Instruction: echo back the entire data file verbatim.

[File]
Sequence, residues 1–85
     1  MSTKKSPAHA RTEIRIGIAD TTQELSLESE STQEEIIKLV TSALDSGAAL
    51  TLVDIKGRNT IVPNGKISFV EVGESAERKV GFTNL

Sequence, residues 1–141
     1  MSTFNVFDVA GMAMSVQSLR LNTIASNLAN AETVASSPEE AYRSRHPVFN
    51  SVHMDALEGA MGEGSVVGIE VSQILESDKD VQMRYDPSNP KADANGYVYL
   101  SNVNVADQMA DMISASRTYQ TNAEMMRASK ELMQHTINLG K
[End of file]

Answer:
Sequence, residues 1–85
     1  MSTKKSPAHA RTEIRIGIAD TTQELSLESE STQEEIIKLV TSALDSGAAL
    51  TLVDIKGRNT IVPNGKISFV EVGESAERKV GFTNL

Sequence, residues 1–141
     1  MSTFNVFDVA GMAMSVQSLR LNTIASNLAN AETVASSPEE AYRSRHPVFN
    51  SVHMDALEGA MGEGSVVGIE VSQILESDKD VQMRYDPSNP KADANGYVYL
   101  SNVNVADQMA DMISASRTYQ TNAEMMRASK ELMQHTINLG K